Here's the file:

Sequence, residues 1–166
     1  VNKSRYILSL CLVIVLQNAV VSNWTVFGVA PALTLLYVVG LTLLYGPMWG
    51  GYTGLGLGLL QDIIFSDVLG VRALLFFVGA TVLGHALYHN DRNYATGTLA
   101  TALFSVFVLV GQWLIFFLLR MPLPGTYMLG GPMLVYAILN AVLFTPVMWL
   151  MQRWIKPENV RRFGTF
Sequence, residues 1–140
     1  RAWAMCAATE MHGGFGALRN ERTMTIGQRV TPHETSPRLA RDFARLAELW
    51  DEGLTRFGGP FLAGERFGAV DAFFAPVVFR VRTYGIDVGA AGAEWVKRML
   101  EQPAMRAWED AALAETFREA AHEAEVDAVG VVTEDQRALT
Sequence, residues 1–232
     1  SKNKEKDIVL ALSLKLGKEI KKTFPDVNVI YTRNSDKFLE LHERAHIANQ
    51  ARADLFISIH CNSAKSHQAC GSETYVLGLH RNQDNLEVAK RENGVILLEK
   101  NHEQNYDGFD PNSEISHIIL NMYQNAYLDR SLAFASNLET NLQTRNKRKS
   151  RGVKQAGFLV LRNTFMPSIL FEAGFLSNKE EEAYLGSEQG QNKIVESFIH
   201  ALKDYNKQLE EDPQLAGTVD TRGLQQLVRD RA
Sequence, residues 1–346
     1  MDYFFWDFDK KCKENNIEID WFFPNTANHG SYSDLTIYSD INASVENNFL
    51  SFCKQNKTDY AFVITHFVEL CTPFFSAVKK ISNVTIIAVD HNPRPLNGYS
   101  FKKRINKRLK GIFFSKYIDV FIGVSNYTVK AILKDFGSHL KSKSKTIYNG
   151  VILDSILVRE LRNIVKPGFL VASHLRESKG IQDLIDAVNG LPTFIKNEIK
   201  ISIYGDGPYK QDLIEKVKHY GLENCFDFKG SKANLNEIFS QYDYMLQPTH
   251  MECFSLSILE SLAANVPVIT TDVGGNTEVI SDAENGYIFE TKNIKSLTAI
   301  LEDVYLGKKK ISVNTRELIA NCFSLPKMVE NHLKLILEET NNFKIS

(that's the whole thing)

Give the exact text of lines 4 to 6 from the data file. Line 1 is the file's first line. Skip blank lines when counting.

   101  TALFSVFVLV GQWLIFFLLR MPLPGTYMLG GPMLVYAILN AVLFTPVMWL
   151  MQRWIKPENV RRFGTF
Sequence, residues 1–140